New gameplay or rewashed concepts, polished graphics or over-rated hype? I'll be telling you about all that and more, right from Maxis's latest installment in the ever popular SimCity franchise.
After rather high anticipation for this title, I decided to lower my expectations, as too much hype can be harmful (Daikatana anyone?), I calmly walked down to a retailer around town, bought me a copy of SimCity 4 and went home, as if it was yet another budget title.
I'll spare you all the moochie talk about how I installed the game and how casual the installation process went, it should be noted that the 2 CD's included were a bit of a surprise, although games have went from large to gigantic the past couple of years, I just didn't realize SimCity could be that large...
I fired up The Sims, oh sorry, did I say the Sims? I meant SimCity 4... the first thing you notice after launching the game, is the sheer resemblance between the introduction movies in the two games. After that weird moment, I noticed another resemblance in the main interface, that frankly I did not expect.
Maxis, it seems, enjoyed the amazing success of its The Sims series of money milkyHood and decided to make SimCity 4 look more like it. At first this seemed daunting, I personally disliked the less-management-more-randomness that was put into The Sims (add to that some idiotism of the goal of the game), but I wasn't about to hate it just yet.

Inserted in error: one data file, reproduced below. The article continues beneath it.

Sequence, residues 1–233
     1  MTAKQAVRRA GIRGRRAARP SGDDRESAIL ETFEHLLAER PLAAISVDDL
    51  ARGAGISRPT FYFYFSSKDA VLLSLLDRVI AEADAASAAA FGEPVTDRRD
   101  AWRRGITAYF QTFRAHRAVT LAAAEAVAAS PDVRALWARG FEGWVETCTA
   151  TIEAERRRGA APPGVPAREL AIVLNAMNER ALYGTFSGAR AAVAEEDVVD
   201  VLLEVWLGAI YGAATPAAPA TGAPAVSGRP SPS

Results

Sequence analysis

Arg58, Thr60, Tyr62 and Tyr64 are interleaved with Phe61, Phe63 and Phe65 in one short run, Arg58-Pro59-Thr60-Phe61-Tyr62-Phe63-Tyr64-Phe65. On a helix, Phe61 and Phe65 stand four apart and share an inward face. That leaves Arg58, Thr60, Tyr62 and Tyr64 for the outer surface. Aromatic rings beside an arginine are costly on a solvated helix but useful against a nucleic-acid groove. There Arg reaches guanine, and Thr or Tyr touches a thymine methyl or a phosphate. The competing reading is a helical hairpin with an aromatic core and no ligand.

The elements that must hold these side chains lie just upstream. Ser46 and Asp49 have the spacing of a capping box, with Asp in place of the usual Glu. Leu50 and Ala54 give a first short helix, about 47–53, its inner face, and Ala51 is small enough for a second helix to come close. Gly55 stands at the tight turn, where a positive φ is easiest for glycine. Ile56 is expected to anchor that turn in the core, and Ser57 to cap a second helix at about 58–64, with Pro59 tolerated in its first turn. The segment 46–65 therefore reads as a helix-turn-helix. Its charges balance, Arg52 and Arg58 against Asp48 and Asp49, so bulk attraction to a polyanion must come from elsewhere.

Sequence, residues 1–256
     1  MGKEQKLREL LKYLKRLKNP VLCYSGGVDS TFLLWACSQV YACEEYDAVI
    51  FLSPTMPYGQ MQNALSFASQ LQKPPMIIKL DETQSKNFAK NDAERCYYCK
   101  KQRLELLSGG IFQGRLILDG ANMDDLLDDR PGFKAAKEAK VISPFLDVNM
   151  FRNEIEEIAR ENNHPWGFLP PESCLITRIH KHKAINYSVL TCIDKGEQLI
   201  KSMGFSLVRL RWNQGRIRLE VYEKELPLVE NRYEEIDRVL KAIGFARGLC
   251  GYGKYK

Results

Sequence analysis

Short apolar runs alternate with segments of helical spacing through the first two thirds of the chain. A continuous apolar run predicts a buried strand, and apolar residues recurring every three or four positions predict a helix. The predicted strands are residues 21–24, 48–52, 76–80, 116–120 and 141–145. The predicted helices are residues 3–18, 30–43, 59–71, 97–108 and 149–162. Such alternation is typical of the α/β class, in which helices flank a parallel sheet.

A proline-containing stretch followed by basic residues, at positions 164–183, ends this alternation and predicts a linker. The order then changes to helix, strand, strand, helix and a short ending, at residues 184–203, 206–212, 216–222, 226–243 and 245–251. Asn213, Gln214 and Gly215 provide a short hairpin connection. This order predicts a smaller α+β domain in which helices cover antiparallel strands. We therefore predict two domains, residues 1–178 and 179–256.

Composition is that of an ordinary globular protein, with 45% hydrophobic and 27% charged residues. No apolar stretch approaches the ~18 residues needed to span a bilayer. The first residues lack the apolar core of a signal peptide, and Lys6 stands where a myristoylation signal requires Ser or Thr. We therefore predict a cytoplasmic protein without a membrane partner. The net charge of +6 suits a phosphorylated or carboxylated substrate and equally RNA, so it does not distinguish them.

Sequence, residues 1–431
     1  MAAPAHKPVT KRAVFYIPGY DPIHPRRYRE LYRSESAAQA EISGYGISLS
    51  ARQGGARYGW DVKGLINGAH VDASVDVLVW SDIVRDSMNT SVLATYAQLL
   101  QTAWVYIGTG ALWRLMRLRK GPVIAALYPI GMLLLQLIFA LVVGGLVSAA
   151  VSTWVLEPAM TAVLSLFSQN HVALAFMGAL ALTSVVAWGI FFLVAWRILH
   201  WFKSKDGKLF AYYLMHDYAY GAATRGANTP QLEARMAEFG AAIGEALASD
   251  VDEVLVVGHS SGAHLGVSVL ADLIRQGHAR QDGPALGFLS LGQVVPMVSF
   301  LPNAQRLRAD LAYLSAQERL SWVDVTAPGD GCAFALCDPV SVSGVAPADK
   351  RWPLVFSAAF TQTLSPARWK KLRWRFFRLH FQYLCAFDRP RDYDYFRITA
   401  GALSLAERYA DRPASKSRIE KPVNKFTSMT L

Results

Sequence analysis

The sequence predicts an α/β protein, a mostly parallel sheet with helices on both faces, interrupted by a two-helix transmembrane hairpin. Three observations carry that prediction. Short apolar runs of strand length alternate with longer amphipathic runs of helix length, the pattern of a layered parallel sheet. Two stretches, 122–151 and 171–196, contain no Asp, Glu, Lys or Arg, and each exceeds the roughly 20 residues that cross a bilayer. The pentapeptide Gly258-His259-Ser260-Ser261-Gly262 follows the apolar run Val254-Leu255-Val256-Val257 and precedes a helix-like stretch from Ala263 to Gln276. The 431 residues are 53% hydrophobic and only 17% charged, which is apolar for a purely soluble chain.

Starting a new 'game' involved choosing a region to build in; you are presented with a colorful map of available regions you could mold into your beloved city. After picking one to your own liking, you drop right into the action. Before you actually start building up, you are presented with a "God" mode, similar to previous titles, you are given the chance to terraform the landscape you chose (usually flat), for those who are more creative than others, this is a complete heaven in landscape modification, mostly due to the robust engine Maxis had put together. God mode presents the oh-so familiar tools like raising land, creating valleys as well as mountain tops, all the same only more polished, better looking and as fluent as one could imagine.
What differentiates the tools from previous titles, is that they hold more variety of landscapes, from beaches to canyons with water and various other lush scenes you usually only find on the national geographic channel (if you are lucky enough).
Feature wise, there's the added wildlife; you can now add wildlife to your region or city, and this is especially helpful if you'd need to build an animal related facility, specifically a safari...
After looking into the bag of new features Maxis has put into SimCity 4, I can just say it's a joy to see the pioneers back at work; at first, you'd get the impression it's the same-old SimCity with a different interface, new graphics, maybe even some new features here and there, but what the game promises it keeps, City Management.
SimCity has gone through a realism upgrade. Everything is simply more realistic and more accurate; you will see soccer stadiums with actual soccer games being held, real 'Sims' demonstrating on funding cuts, traffic jams and tens and even hundreds of smaller details that make this game a joy to watch.